Carlos Sainz will get a new engine at the Formula 1 race in Turkey and will therefore start at the bottom of the field.
At the upcoming Formula 1 race in Turkey, Carlos Sainz will also have the new Ferrari engine installed, which team-mate Charles Leclerc already had in his car in Russia – that’s what our Italian colleagues from ‘Motorsport.com’ report. For the Spaniard, this also means that he will tackle the race from the back of the field.
Sainz is currently with three engines used in the 2021 season. If Ferrari installs a fourth, there is a grid penalty for him (see the current engine overview). The same scenario had already happened at Leclerc in Sochi, who also had to go all the way back.
In return, he was able to benefit from a revised version of the hybrid system, which should bring around ten hp more power. According to Ferrari, the main reason for the change was experience that they wanted to gain for the 2022 project. Each manufacturer is allowed to bring an update for performance improvement this season before the units are frozen from next year.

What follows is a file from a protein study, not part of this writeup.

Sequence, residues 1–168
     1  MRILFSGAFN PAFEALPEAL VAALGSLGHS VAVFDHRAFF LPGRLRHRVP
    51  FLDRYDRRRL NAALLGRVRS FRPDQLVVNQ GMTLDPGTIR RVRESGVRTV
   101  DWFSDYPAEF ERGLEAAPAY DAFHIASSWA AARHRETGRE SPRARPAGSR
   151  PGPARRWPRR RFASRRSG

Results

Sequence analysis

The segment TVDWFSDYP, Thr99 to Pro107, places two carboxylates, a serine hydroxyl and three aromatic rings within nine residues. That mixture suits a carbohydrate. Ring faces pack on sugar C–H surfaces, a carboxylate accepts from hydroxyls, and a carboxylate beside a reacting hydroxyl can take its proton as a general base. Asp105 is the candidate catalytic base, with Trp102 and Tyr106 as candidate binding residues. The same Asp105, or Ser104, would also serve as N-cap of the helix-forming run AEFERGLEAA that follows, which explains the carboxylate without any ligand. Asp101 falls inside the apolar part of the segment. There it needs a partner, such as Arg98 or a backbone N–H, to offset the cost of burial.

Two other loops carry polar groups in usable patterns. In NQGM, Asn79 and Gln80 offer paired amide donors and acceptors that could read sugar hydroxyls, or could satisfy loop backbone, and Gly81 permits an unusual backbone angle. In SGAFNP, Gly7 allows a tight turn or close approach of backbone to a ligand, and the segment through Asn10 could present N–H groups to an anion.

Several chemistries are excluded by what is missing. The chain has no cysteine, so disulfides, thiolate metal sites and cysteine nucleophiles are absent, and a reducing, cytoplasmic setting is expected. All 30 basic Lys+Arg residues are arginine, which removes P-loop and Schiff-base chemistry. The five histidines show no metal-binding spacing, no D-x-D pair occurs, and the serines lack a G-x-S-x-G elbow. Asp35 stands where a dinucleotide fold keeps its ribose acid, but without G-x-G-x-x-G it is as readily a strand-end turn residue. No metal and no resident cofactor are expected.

With a view to the new season, Ferrari wanted to collect as much information and data as possible and has therefore decided to change the components as early as possible. In Sochi it was Leclerc who was put back due to more acute needs, in Istanbul it will be Sainz – they didn’t want to have both drivers put back in a race.
“The sporting penalty is great and we are fighting for every point in the Constructors’ Championship. So we see when it makes sense,” said sporting director Laurent Mekies in Russia when asked about the timing of the Sainz penalty.
“Of course you shouldn’t do it too late, because the longer you wait, the less you benefit from the change. We’ll probably make the decision in the coming races.” Now it is time.
The first impressions of the new Ferrari power unit were pretty positive: “I can feel that it is a little better,” said Leclerc on Friday after training in Sochi. Ferrari doesn’t want to reveal how big the leap in performance really is: “I don’t want to quantify that. It’s confidential,” emphasizes team boss Mattia Binotto.